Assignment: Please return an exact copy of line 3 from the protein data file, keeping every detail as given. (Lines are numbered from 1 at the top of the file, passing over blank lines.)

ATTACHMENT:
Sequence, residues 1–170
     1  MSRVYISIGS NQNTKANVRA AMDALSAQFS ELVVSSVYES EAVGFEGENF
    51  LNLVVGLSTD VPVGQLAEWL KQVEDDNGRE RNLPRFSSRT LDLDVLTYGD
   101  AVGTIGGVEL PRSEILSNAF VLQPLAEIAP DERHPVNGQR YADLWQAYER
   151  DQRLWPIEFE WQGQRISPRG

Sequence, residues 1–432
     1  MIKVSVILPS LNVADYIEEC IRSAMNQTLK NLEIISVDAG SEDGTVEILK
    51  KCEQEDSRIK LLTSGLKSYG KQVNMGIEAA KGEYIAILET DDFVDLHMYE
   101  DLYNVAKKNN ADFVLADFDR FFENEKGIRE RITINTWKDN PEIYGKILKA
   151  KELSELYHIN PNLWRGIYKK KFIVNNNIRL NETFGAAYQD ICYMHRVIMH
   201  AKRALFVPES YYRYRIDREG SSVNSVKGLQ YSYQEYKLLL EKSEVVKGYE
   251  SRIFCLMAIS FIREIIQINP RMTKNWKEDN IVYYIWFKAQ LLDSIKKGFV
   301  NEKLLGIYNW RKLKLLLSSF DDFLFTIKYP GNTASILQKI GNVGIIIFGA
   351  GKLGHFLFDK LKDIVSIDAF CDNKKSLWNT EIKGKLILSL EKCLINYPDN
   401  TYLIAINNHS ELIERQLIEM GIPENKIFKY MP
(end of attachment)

    51  LNLVVGLSTD VPVGQLAEWL KQVEDDNGRE RNLPRFSSRT LDLDVLTYGD